UN report says Australia may breach Convention Against Torture

Lawyer Julian Burnside

A UN report says Australia's asylum-seeker policies and may breach the international Convention Against Torture.

(Transcript from World News Radio)


A United Nations report has criticised Australia's asylum-seeker policies and says they may breach the international Convention Against Torture, which Australia has signed.


The global report by the United Nations Special Rapporteur on Torture cites, in particular, Australia's use of indefinite detention of asylum seekers on Manus Island.


It also points to what it calls poor conditions in Australia's detention centres and the failure to protect vulnerable people within the centres.


Will Mumford reports.


The United Nations has put Australia on notice for its treatment of asylum seekers.


It comes only a month after the Australian Human Rights Commission's damning Forgotten Children report on children in detention.


The United Nations says in a new report, Australia may be breaching international law by detaining children and not ending violence and tension at its regional processing centre.


It says recent changes to Australia's maritime and migration laws may violate the rights of migrants and asylum seekers through the Convention Against Torture.


The report has been compiled by the United Nations Special Rapporteur on Torture.


The Human Rights Law Centre's director of legal advocacy, Daniel Webb, says it shows Australia is behind countries of similar prosperity and stability in meeting its human rights obligations.


"What's particularly concerning about the findings against Australia is that they relate to systemic policy. So, we've breached the Convention Against Torture, not in respect of one person on Manus, but in respect of each and every asylum seeker we continue to detain there."


The UN report specifies two recent legislative amendments to Australian migration and maritime law which it says put Australia at risk of breaching the Convention Against Torture.


They give the government the power to detain refugees at sea without access to lawyers and tighten controls on issuing visas on the basis of character and risk assessments.


Immigration Minister Peter Dutton has rejected the findings in the report.


He has released a statement saying Australia is meeting all of its human-rights obligations and providing a range of services to people it says are trying to enter Australia illegally.


But human-rights advocate and barrister Julian Burnside argues those laws, passed late last year, are alarming and should concern all Australians.


"It makes it possible for the government to send a person back to the place they came from, even if that would involve a breach of the Refugees Convention. Now, this is an astounding development in Australia's position. We were one of the first countries who signed up to the Refugees Convention, and now we are, in substance, legislating to allow us to break the obligations in the Refugees Convention."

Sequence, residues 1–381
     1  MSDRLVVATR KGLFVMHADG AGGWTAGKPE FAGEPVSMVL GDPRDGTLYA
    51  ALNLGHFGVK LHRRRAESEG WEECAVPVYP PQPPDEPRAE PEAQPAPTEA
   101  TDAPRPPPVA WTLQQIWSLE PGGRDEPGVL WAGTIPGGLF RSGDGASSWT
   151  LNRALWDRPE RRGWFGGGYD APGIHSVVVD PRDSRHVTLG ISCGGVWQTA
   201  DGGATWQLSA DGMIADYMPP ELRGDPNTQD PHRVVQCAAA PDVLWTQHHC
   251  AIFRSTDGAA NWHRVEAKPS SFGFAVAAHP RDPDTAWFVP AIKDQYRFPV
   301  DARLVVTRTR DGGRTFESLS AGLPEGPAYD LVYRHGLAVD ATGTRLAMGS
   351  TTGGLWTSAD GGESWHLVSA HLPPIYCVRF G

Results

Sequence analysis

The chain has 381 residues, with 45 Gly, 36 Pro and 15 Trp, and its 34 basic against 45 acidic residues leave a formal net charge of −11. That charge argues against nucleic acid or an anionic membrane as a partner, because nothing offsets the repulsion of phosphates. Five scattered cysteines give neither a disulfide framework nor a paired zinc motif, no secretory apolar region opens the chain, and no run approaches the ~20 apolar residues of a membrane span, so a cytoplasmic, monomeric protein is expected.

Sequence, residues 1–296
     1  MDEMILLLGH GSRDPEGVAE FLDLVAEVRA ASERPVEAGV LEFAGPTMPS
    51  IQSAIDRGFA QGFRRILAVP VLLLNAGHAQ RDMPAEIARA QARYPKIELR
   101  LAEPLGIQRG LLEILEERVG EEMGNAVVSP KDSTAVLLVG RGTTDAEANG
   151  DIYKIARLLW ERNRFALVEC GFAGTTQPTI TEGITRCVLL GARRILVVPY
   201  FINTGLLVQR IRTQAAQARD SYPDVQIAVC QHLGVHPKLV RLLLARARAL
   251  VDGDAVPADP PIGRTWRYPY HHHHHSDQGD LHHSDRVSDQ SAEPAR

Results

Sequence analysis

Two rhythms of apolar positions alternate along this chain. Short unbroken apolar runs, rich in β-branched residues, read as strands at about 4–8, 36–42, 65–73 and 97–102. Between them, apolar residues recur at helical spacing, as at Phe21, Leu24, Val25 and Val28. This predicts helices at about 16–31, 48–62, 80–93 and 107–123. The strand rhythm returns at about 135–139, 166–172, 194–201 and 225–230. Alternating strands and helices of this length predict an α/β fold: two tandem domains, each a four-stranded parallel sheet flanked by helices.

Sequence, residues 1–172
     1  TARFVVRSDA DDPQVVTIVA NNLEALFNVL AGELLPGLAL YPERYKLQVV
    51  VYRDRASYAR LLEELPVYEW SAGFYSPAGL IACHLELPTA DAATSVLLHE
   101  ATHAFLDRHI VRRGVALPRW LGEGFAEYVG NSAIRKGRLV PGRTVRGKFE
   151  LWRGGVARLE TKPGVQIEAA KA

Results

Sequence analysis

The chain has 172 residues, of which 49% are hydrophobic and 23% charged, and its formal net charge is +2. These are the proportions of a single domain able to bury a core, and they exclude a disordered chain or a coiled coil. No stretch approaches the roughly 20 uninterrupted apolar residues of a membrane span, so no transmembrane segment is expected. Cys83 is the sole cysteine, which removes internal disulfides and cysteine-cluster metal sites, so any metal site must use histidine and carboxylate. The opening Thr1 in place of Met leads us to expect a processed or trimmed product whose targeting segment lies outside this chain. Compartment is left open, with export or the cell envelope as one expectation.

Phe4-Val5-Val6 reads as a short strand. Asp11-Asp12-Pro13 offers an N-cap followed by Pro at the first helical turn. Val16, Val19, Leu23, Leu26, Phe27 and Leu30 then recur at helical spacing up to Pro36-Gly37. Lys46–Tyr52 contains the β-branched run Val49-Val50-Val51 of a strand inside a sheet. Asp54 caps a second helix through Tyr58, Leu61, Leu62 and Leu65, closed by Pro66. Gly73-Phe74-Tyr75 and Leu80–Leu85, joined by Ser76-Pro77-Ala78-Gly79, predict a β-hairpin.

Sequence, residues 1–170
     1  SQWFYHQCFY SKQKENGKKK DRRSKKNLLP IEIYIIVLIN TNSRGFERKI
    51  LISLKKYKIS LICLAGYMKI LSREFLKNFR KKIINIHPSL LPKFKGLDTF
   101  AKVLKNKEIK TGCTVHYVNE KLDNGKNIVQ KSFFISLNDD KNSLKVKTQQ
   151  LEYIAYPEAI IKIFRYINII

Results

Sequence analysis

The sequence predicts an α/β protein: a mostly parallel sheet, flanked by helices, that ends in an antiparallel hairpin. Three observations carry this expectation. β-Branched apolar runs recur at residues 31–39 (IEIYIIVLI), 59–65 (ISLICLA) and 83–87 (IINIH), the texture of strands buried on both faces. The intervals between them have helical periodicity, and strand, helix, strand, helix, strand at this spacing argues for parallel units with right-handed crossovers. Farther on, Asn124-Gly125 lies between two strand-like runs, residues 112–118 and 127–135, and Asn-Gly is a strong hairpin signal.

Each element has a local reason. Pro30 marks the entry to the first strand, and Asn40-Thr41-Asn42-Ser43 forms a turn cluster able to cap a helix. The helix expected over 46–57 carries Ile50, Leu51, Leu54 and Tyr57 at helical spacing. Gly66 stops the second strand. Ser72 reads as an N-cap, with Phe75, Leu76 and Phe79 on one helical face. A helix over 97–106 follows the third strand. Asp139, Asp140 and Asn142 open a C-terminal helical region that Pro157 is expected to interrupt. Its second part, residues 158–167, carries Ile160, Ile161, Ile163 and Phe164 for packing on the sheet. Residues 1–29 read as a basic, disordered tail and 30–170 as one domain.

Mr Burnside says the report should be an international embarrassment for Australia.


He says findings in the report support findings in Gillian Triggs' Forgotten Children report regarding the treatment of children in Australia's refugee detention centres.


"The report of the UN Special Rapporteur is clearly consistent with what Gillian Triggs' report told the Government. And none of these things are new to the Government, and the fact that we are being criticised by international bodies is also not new. It seems that we are willing to engage in cruel mistreatment of people and we'll attack anyone who exposes the fact that we're doing it."


Refugee and Immigration Legal Centre executive director David Manne says the report shows the cruelty of Australia's approach toward those fleeing persecution.


"This is a matter of not only profound concern in relation to the rights and the wellbeing of those people who are subjected to cruel and inhuman or degrading treatment under Australia's care but, also, in relation to Australia's standing internationally, because these types of reports raise serious questions about Australia's standing as a human-rights defender and also damage Australia's credibility when seeking to make the case internationally about upholding and defending the human rights of people around the world."


Daniel Webb, at the Human Rights Law Centre, says he hopes the report will serve as a wake-up call to Australian politicians despite having no direct legal implications.


"Findings like this from the UN aren't enforceable in a court in the way that domestic law is. But I mean, you've got to remember Australia signed this treaty, signed the Convention Against Torture, 30 years ago. So we voluntarily assumed these responsibilities. Yet, here we are 30 years later, flagrantly and systemically violating those safeguards."



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